The Fresh Loaf

News & Information for Amateur Bakers and Artisan Bread Enthusiasts


RobynNZ's picture



I had the most delicious lunch today, salad all picked from my spring garden accompanied by the first baguettes I've ever made. I wanted to come here and say thank you to everyone, for all the points and tips that helped me gain the confidence to even try. Actually it was watching Steven Sullivan ACME baking with Julia Child in the video Marc linked to the other day, working with his dough, which made me finally decide I could at least give it a go.

I've had RLB's Bread Bible out from the library and as her instructions are so easy to follow, decided to use her method which was inspired by that of Maggie Glezer, ACME, as a master class. I figured the dough would be similar to that which Steven was using, so that was part of the decision too.

Started at 8pm Monday night and it's Wednesday here now. The pate fermentée and poolish which the method calls for were left for the maximum time suggested and the overnight retarded proof was also maxed out to 14 hours. The formula is for two baguettes, however I made three ficelle from it, to suit the size of my tiny fridge and my oven stone. I adjusted baking time for the smaller size.

The resulting ficelle were beautiful to look at; rich gold, with lots of little blisters and despite the blade catching when I was slashing, had pretty gringes. Broken open the crumb was creamy and airy, but the crust although delicious and crispy was thick, around 2-3mm. I like ficelle because they have more crust, but this was a bit more than even I want.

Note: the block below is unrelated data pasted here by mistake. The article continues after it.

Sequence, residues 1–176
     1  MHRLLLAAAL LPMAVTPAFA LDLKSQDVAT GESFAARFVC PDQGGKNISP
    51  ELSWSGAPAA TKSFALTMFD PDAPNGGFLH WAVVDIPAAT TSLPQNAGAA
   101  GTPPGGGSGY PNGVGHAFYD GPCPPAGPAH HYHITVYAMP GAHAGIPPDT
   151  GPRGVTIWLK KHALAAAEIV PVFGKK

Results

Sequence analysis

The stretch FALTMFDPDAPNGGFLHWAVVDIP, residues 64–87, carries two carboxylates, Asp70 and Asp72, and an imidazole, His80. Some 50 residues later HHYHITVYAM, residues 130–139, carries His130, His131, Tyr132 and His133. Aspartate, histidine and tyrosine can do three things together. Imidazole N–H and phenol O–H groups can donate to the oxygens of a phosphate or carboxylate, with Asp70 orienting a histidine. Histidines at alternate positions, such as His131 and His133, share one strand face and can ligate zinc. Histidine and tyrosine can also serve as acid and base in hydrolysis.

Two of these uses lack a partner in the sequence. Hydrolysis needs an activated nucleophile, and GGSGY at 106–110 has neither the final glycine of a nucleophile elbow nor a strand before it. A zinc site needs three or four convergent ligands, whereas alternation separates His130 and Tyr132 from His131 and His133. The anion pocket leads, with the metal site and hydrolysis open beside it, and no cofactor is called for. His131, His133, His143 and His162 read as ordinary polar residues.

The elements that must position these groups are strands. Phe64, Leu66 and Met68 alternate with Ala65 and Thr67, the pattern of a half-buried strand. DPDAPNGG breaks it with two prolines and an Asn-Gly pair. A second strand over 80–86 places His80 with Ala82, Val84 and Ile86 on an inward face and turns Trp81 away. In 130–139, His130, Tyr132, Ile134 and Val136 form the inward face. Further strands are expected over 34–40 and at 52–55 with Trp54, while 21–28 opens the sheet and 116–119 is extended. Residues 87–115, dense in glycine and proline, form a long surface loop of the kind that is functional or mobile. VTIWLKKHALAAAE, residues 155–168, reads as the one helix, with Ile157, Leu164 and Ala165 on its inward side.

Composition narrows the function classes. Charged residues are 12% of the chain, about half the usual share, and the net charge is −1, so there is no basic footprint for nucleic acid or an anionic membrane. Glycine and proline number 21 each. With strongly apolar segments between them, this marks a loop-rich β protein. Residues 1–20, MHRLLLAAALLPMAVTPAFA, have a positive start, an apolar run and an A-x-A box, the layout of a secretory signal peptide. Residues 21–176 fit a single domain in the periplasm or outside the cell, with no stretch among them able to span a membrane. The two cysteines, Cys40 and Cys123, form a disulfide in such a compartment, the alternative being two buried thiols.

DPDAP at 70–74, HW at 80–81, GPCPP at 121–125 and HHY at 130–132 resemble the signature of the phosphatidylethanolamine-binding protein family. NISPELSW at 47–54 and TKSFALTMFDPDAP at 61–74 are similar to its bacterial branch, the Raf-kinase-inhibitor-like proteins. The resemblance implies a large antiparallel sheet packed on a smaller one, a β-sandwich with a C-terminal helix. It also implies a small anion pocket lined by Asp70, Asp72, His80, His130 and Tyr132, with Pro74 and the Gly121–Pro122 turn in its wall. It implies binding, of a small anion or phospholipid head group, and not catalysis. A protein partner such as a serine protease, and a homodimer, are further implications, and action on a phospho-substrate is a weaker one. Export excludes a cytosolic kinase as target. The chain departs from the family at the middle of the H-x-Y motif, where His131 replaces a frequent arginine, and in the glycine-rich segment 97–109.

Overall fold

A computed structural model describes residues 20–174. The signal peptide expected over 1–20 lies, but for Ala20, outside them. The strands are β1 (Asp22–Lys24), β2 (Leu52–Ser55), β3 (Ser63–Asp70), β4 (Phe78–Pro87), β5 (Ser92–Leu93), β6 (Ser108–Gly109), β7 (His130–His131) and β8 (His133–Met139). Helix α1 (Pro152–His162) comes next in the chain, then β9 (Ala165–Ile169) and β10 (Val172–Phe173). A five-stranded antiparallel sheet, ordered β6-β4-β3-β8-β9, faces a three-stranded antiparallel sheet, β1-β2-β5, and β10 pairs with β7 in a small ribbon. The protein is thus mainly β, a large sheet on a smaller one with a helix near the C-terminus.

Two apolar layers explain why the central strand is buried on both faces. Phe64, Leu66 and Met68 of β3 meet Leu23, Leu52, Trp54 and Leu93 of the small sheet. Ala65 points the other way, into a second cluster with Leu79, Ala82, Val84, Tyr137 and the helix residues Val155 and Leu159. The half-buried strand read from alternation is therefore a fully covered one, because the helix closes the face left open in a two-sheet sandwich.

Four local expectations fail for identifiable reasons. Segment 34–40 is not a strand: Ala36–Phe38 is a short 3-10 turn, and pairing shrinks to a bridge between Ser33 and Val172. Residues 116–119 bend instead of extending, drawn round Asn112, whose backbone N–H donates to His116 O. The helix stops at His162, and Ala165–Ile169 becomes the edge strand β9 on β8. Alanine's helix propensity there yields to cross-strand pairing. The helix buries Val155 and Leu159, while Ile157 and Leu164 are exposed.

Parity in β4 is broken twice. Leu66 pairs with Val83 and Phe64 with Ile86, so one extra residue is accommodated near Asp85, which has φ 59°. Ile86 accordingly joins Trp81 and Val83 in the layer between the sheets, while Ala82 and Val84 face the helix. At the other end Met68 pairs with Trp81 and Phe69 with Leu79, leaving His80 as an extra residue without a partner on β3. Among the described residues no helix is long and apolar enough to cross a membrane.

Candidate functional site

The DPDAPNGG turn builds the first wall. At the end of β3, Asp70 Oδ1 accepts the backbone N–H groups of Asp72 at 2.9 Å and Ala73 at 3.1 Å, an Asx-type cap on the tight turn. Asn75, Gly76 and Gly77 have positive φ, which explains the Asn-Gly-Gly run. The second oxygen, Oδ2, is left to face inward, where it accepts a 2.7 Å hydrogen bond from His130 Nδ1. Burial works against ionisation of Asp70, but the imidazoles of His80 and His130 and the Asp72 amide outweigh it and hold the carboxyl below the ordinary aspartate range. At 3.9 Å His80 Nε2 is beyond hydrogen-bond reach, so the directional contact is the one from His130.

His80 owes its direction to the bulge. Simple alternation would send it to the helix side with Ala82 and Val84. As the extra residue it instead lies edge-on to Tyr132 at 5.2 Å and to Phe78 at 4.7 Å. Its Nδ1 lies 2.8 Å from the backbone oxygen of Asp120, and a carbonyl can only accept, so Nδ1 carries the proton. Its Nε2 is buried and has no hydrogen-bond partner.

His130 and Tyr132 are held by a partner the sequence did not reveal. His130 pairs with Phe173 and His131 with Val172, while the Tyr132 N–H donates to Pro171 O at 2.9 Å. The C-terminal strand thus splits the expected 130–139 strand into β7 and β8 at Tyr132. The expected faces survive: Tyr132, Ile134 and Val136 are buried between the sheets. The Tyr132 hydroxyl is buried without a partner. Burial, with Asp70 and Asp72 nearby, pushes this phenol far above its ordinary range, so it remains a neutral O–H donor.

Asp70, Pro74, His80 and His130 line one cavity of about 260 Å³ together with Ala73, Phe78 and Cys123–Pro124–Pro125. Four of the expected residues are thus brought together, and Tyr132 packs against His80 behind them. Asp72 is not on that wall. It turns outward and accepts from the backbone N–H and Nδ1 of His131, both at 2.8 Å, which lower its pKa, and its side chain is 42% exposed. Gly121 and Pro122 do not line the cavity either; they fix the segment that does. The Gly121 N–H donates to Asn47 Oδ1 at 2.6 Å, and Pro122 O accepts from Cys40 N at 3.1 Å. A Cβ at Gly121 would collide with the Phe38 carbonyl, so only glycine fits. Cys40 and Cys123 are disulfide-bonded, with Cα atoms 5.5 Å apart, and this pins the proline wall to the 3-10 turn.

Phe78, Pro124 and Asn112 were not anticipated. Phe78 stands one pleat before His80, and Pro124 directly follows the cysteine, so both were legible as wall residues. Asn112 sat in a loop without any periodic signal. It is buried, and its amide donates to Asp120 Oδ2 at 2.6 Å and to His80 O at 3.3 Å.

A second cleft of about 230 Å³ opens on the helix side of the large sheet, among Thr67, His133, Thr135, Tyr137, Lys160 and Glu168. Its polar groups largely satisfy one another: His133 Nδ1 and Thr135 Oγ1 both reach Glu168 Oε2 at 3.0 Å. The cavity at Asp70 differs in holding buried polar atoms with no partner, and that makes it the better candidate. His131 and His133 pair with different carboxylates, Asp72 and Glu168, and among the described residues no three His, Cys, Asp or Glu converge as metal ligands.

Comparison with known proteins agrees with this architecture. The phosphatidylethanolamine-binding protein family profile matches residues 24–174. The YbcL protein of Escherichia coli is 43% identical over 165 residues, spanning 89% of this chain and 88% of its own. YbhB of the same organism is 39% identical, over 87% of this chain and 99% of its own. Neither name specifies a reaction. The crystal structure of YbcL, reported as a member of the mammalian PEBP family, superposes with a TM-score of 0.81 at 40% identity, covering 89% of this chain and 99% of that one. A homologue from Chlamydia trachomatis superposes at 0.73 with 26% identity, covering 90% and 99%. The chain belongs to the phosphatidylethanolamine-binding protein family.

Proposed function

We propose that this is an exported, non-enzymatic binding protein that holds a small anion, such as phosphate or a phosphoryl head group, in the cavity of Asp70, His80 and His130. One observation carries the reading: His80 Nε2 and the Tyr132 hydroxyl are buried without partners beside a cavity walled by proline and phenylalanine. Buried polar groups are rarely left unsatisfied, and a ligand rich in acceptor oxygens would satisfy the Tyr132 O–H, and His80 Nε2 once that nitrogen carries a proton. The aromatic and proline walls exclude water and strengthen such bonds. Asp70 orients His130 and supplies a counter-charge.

If I were to use this formula again what would I do? I'd try some of my sourdough in place of the pate fermentée made up to the same hydration. And while I had no problem at all managing the dough, with a rice-floured linen teatowel as a couche, I couldn't figure out how to seal them with sprayed plastic wrap, as RLB instructed and just put everything inside a large plastic bag which I sealed tightly. It's my assumption that the thick crust was because the dough dried out during its 14 hours in the fridge. I was aware of this and sprayed the dough before it went in the oven, used David's two tiered steaming method and sprayed the oven. Perhaps I even overdid the spraying.  They might have come out of the oven a touch sooner too. I'll need to think it through a bit more.

However, now I have my 15m certificate (NZ swimming reference, meaning having confidence beyond my ability) I plan to tackle the scrumptious looking baguettes Jane & David have introduced here.

Apologies my digital camera has stopped working, so no photos.




Debra Wink's picture
Debra Wink

I'll let others give you bread advice. I just wanted to say welcome to TFL!

RobynNZ's picture

I'm afraid it'll be easier and cheaper to replace the camera (as much as that irks my sense of conservation). I do realise the photos here have made a significant contribution to how much I have been able to learn, but it'll be a while before I get another camera. 

I also need to thank you for two the blog posts you wrote on the use of pineapple juice in getting a starter going which gave me the courage to try. I had found reference to your method in Peter Reinhart's WGB and googled to learn more, not only did I find you but I also found TFL. So thank you very much.